No View From the Window

Rebecca Mahon and Kim Jackson
Tangled Web
24:7 Theatre Festival, New Century House, Manchester

No View From the Window

No View From The Window is a monologue delivered by Louise in a filthy bathroom while, we soon discover, her mother's wake is taking place downstairs.

Louise tells us about how this bathroom became her room as she escaped from her controlling mother who never gave her any freedom or credit. She takes us through her childhood: her first period, first kiss and first sexual encounter, her mother's affair with the bathroom salesman and her own marriage and relationship with her daughter. Interspersed with the narrative are little fantasy sections involving a soundscape of mixed sounds and TV clips from her past and various objects she produces out of the toilet.

Co-writer Rebecca Mahon as Louise has an interesting and moving story to tell with plenty of humour on a very impressive set designed by Kate Unwin; I am informed that the emotional resonance of the story is considerably stronger for female audience members, which I can understand from the subject matter if not confirm first-hand, and that a few have left in tears.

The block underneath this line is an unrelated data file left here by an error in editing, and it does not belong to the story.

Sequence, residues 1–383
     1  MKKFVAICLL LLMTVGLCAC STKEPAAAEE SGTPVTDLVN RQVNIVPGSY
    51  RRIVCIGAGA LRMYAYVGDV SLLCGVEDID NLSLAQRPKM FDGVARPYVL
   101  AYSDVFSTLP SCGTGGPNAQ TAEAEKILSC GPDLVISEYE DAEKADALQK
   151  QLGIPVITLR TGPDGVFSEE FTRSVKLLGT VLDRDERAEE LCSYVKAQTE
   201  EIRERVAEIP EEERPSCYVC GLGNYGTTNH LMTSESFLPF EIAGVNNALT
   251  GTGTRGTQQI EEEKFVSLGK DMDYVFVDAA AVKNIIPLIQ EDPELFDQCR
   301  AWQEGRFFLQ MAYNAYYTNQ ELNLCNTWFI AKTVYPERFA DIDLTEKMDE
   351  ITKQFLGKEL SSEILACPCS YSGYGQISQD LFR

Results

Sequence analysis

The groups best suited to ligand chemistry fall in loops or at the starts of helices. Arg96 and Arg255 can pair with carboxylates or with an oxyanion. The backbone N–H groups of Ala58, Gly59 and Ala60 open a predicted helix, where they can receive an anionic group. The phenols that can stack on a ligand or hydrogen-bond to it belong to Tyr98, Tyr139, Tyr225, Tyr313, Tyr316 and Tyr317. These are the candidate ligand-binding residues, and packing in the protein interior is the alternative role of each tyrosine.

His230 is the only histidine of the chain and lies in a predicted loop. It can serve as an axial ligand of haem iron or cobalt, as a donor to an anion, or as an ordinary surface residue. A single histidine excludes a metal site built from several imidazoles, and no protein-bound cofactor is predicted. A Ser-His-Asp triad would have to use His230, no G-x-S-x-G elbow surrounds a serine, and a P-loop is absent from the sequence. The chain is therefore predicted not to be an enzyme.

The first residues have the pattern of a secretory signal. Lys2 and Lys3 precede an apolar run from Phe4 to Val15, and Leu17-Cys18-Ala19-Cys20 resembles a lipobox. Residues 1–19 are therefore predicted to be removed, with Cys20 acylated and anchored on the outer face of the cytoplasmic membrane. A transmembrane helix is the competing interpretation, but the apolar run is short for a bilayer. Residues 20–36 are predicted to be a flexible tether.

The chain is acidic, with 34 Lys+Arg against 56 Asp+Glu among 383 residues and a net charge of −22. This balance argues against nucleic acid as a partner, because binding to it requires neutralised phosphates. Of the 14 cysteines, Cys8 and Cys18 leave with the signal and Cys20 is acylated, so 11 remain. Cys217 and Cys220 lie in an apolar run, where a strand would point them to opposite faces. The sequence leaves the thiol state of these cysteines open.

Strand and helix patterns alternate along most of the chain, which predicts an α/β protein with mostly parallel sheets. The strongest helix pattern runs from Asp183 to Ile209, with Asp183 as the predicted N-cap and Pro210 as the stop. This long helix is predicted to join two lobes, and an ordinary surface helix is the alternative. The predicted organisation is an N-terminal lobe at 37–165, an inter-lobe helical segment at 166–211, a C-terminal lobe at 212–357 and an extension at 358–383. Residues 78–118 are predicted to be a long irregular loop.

On a theatrical level, the piece is only partially successful. The frequent intrusions of the cleverly-created soundtrack do not integrate well with the personal story, bringing everything to a halt for a moment each time they appear and killing the pace. These elements could be made to work if director Kim Gillespie had found a way of making the action flow more smoothly between the different styles of presentation, but it's hard not to wonder whether it might be considerably more effective if Mahon had simply stood on stage and told the story without any technical gimmickry.

The story itself works well and is very well told by Mahon with some emotional moments, some funny lines and a horrible revelation at the end. With some attention to the way the piece is delivered, this could be a far more intense theatrical experience that would see a lot more laughs and tears from the audience.

Until 31st July

Reviewer: David Chadderton

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